Font Size
A
A
A
1

Medications and Drugs

Brand Names: Betoptic S

Generic Name: betaxolol ophthalmic (Pronunciation: bay TAX oh lol off THAL mik)

What is betaxolol ophthalmic (Betoptic S)?

Betaxolol is a beta-blocker that reduces pressure inside the eye.

Betaxolol ophthalmic (for the eyes) is used to treat open-angle glaucoma and other causes of high pressure inside the eye.

Betaxolol ophthalmic may also be used for other purposes not listed in this medication guide.

What are the possible side effects of betaxolol ophthalmic (Betoptic S)?

Get emergency medical help if you have any of these signs of an allergic reaction: hives; difficulty breathing; swelling of your face, lips, tongue, or throat.

Stop using this medication and call your doctor at once if you have any of these serious side effects:

  • severe swelling, itching, burning, redness, pain, or discomfort in or around your eye;
  • drainage, crusting, or oozing of your eyes or eyelids;
  • bronchospasm (wheezing, chest tightness, trouble breathing);
  • slow heart rate, weak pulse, fainting, slow breathing (breathing may stop);
  • feeling short of breath, even with mild exertion; or
  • swelling, rapid weight gain.

Less serious side effects may include:

  • mild burning, stinging, itching, or discomfort of your eyes;
  • dry eyes, blurred vision;
  • mildly swollen or puffy eyes;
  • feeling like something is in your eye;
  • headache, dizziness, spinning sensation;
  • depression;
  • sleep problems (insomnia);
  • muscle weakness; or
  • altered sense of taste or smell.

This is not a complete list of side effects and others may occur. Tell your doctor about any unusual or bothersome side effect. You may report side effects to FDA at 1-800-FDA-1088.

What is the most important information I should know about betaxolol ophthalmic (Betoptic S)?

Do not use this medication if you are allergic to betaxolol, or if you have asthma, or severe chronic obstructive pulmonary disease (COPD), slow heartbeats, or a heart condition called "AV block."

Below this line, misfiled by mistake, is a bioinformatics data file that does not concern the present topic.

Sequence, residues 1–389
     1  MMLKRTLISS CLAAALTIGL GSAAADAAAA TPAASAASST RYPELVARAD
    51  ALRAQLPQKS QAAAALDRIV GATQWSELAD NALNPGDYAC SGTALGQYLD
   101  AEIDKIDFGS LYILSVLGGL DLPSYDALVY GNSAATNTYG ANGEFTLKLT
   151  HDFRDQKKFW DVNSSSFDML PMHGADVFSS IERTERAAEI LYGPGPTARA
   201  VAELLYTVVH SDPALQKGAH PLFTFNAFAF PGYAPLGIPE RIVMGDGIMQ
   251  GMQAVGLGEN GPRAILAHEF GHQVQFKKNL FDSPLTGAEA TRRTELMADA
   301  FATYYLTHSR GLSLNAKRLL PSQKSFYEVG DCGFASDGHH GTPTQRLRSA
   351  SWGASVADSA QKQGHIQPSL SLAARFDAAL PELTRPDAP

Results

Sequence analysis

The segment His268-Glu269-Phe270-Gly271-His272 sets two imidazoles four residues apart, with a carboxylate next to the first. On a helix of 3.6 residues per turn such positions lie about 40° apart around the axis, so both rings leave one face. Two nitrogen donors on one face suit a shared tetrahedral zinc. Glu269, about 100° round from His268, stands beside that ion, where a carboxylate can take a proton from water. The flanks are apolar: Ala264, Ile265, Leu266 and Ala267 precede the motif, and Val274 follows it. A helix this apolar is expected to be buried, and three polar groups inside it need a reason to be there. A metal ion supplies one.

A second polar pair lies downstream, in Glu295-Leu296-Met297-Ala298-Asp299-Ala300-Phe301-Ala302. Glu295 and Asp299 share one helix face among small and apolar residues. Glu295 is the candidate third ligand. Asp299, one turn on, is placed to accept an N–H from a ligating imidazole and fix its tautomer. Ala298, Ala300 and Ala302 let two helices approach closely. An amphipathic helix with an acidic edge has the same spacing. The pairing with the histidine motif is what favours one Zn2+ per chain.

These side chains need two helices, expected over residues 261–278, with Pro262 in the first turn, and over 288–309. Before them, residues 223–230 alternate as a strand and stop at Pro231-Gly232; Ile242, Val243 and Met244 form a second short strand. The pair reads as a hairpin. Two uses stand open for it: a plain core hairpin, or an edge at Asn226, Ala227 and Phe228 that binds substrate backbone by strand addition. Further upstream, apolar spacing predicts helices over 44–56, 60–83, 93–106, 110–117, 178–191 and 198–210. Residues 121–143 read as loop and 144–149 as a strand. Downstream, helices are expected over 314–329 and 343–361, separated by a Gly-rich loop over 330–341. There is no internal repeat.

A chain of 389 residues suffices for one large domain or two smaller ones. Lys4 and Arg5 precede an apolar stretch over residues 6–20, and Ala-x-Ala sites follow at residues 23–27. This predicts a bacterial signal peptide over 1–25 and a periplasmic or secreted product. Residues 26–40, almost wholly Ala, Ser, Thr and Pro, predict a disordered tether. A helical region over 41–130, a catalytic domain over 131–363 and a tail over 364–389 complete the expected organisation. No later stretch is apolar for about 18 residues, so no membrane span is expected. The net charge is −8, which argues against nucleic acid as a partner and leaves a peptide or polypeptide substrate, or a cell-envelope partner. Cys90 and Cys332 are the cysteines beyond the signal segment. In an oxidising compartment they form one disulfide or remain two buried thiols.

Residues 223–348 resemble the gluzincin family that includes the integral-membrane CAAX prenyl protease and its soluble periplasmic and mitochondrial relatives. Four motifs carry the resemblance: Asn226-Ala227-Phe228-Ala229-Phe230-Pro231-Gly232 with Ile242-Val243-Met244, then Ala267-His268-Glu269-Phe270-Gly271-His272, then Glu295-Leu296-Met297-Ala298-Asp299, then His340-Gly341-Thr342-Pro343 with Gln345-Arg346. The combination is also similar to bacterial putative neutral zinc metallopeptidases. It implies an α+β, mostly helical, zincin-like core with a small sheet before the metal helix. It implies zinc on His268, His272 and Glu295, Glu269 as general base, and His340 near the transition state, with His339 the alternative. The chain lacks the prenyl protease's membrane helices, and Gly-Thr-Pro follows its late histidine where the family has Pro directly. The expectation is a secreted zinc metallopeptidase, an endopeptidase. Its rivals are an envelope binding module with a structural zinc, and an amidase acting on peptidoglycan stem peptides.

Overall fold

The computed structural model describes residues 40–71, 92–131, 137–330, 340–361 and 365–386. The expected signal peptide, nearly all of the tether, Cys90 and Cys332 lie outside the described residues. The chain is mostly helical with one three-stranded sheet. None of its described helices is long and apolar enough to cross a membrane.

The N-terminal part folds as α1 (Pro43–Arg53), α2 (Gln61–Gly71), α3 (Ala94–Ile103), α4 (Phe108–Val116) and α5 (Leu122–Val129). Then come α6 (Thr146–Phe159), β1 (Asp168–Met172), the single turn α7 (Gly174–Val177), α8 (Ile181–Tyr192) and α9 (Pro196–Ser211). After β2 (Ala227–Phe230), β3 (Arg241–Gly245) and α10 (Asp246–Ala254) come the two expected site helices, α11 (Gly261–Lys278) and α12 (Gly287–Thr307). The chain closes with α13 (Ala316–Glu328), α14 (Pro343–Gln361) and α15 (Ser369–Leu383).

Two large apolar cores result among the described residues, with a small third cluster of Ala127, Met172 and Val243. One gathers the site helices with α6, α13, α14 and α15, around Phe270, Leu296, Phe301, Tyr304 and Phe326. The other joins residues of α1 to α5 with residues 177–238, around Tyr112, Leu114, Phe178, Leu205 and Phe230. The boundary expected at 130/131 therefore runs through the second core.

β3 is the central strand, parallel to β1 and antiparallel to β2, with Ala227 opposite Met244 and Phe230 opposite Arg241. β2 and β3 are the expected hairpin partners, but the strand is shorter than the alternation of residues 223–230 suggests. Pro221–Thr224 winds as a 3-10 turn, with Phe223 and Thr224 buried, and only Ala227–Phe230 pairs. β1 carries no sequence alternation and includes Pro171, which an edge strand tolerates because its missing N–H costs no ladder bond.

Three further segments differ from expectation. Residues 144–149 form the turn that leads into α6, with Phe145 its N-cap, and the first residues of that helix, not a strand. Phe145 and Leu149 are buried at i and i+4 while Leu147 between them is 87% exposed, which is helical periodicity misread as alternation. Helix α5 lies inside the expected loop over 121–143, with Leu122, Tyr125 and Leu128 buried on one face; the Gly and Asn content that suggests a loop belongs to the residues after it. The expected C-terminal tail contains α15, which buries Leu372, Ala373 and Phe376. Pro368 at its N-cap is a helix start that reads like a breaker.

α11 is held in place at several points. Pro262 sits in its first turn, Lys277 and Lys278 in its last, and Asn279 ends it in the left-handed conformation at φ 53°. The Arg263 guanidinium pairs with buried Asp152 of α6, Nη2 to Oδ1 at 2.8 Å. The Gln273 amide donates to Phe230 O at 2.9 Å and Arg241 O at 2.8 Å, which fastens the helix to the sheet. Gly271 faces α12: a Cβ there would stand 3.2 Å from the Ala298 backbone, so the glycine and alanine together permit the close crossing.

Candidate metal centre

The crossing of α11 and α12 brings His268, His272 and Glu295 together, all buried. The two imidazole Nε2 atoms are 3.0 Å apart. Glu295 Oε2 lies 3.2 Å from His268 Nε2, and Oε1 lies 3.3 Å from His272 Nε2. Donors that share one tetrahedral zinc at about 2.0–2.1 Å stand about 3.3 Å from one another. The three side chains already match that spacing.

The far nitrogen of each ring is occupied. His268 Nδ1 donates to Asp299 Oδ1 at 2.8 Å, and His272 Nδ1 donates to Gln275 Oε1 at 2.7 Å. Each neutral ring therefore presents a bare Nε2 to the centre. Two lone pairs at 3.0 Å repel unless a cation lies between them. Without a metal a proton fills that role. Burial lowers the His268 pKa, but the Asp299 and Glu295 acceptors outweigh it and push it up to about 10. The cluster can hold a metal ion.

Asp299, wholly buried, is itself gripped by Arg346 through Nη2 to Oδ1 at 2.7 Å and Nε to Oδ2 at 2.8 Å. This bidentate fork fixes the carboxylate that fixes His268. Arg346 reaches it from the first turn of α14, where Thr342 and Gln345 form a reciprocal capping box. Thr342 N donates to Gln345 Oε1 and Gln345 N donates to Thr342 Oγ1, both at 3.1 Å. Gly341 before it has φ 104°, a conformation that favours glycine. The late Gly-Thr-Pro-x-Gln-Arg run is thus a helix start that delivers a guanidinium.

Before using this medication, tell your doctor if you have breathing problems such as bronchitis or emphysema, a history of heart disease or congestive heart failure, diabetes, history of stroke, blood clot, or circulation problems, a thyroid disorder, or a muscle disorder such as myasthenia gravis.

Do not allow the dropper to touch any surface, including the eyes or hands. If the dropper becomes contaminated it could cause an infection in your eye, which can lead to vision loss or serious damage to the eye.

Betaxolol ophthalmic is sometimes given together with other eye medications. Do not use any other eye medication unless your doctor has prescribed it for you. If you use another eye medication, use it at least 10 minutes before or after using betaxolol ophthalmic. Do not use the medications at the same time.

Betaxolol ophthalmic can cause blurred vision. Be careful if you drive or do anything that requires you to be able to see clearly.

Do not use this medication while you are wearing contact lenses. Betaxolol ophthalmic may contain a preservative that can be absorbed by soft contact lenses. Wait at least 15 minutes after using betaxolol before putting your contact lenses in.



Report Problems to the Food and Drug Administration

You are encouraged to report negative side effects of prescription drugs to the FDA. Visit the FDA MedWatch website or call 1-800-FDA-1088.

Pill Identifier Tool

Need help identifying pills and medications?
Use the pill finder tool on RxList.



NIH talks about Ebola on WebMD